Data Dictionary: ACS 2005 -- 2009 (5-Year Estimates)
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Data Source: U.S. Census Bureau
Universe: Workers 16 years and over with earnings
Variable Details
B08121. Median Earnings In The Past 12 Months (In 2009 Inflation-Adjusted Dollars) By Means Of Transportation To Work
Universe: Workers 16 years and over with earnings
B08121006 Median earnings in the past 12 months -- Taxicab, motorcycle, bicycle, or other means
Percent base:
None - percentages not computed
Aggregation method:
Median, using bracket table: B08119, interpolation method: Pareto
Relevant Documentation:
Excerpt from: Social Explorer; U.S. Census Bureau; American Community Survey 2005-2009 Summary File: Technical Documentation.
 
Median Earnings
The median divides the earnings distribution into two equal parts: one-half of the cases falling below the median and one-half above the median. Median earnings is restricted to individuals 16 years old and over with earnings and is computed on the basis of a standard distribution. (See the "Standard Distributions" section under "Derived Measures".) Median earnings figures are calculated using linear interpolation. (For more information on medians and interpolation, see "Derived Measures".)

Means of Transportation to Work
The data on means of transportation to work were derived from answers to Question 31, which was asked of people who indicated in Question 29 that they worked at some time during the reference week. (See "Reference Week".) Means of transportation to work refers to the principal mode of travel or type of conveyance that the worker usually used to get from home to work during the reference week.

People who used different means of transportation on different days of the week were asked to specify the one they used most often, that is, the greatest number of days. People who used more than one means of transportation to get to work each day were asked to report the one used for the longest distance during the work trip. The category, "Car, truck, or van", includes workers using a car (including company cars but excluding taxicabs), a truck of one-ton capacity or less, or a van. The category, "Public transportation", includes workers who used a bus or trolley bus, streetcar or trolley car, subway or elevated, railroad, or ferryboat, even if each mode is not shown separately in the tabulation. "Carro público" is included in the public transportation category in Puerto Rico. The category, "Other means," includes workers who used a mode of travel that is not identified separately within the data distribution. The category, "Other means," may vary from table to table, depending on the amount of detail shown in a particular distribution.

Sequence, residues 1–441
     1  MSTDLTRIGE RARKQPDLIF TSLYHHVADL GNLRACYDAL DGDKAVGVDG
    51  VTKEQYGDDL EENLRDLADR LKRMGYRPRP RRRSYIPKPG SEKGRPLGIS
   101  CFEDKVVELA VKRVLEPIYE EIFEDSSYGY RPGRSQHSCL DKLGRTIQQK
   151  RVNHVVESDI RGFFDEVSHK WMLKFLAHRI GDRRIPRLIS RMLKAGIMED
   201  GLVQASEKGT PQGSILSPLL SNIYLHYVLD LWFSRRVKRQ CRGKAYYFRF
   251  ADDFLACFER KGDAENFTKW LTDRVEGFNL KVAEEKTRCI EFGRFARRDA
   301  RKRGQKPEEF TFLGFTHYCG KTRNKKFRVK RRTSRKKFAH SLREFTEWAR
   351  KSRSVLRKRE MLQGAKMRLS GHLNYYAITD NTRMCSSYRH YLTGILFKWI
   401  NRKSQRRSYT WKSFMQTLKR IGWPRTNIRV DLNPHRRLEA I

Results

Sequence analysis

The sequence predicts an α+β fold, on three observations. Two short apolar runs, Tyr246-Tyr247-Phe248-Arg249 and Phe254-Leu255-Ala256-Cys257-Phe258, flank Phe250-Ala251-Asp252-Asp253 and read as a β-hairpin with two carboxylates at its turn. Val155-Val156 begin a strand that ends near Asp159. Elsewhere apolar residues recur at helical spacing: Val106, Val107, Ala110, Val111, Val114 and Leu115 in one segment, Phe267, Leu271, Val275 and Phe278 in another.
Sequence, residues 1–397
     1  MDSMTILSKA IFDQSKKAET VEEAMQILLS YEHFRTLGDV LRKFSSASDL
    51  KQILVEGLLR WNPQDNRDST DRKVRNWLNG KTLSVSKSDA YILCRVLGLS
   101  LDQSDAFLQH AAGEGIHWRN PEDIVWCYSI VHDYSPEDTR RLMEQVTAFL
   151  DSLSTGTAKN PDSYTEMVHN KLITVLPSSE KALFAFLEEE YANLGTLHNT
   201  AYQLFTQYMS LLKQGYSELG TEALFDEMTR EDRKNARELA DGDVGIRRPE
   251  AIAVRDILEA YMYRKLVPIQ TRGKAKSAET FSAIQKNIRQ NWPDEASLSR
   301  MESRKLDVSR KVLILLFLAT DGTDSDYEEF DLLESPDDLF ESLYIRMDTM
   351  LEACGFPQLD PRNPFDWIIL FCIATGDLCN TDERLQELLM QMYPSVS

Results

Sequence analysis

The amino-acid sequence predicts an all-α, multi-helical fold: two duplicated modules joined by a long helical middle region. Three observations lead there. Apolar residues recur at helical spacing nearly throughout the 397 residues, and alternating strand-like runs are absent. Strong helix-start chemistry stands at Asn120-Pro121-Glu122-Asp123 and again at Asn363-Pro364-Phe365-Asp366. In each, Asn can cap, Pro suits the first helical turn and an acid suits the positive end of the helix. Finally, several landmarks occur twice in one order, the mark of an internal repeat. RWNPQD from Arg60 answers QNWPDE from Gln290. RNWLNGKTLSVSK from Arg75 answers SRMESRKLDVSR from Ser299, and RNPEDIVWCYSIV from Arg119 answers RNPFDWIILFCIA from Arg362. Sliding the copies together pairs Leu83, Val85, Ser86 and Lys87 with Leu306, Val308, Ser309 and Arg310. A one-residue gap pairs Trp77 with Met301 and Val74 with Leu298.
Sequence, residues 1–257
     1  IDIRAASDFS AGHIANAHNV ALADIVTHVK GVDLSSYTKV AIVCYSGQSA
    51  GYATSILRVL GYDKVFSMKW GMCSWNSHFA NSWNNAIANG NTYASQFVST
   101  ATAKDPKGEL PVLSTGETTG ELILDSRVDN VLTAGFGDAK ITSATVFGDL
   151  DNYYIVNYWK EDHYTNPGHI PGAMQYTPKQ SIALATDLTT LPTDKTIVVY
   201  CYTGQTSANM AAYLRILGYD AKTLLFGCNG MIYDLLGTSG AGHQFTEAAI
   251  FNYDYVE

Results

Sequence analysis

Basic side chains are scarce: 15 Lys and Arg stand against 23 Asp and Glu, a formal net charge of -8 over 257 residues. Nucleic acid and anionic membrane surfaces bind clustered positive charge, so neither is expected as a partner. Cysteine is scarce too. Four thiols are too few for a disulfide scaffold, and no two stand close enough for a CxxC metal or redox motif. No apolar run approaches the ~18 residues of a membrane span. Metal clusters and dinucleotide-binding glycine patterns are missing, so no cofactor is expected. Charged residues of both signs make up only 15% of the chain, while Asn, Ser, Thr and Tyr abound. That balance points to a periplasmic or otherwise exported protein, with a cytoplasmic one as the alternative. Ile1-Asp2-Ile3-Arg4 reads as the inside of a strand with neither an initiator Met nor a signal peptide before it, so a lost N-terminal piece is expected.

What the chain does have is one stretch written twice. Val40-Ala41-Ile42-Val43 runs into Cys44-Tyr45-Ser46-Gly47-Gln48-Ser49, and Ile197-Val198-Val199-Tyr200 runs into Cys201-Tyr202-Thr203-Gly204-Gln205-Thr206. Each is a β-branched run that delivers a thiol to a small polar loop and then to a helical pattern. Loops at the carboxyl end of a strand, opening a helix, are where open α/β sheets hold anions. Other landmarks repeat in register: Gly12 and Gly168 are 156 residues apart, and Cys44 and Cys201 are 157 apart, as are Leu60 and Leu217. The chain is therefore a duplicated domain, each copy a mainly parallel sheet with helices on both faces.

The means of transportation data for some areas may show workers using modes of public transportation that are not available in those areas (for example, subway or elevated riders in a metropolitan area where there is no subway or elevated service). This result is largely due to people who worked during the reference week at a location that was different from their usual place of work (such as people away from home on business in an area where subway service was available), and people who used more than one means of transportation each day but whose principal means was unavailable where they lived (for example, residents of nonmetropolitan areas who drove to the fringe of a metropolitan area, and took the commuter railroad most of the distance to work).

Private Vehicle Occupancy
The data on private vehicle occupancy were derived from answers to Question 32. This question was asked of people who indicated in Question 29 that they worked at some time during the reference week and who reported in Question 31 that their means of transportation to work was "Car, truck, or van". Data were tabulated for workers 16 years old and over, that is, members of the Armed Forces and civilians who were at work during the reference week. (See "Reference Week".) Private vehicle occupancy refers to the number of people who usually rode to work in the vehicle during the reference week. The category, "Drove alone", includes people who usually drove alone to work as well as people who were driven to work by someone who then drove back home or to a non-work destination. The category, "Carpooled," includes workers who reported that two or more people usually rode to work in the vehicle during the reference week.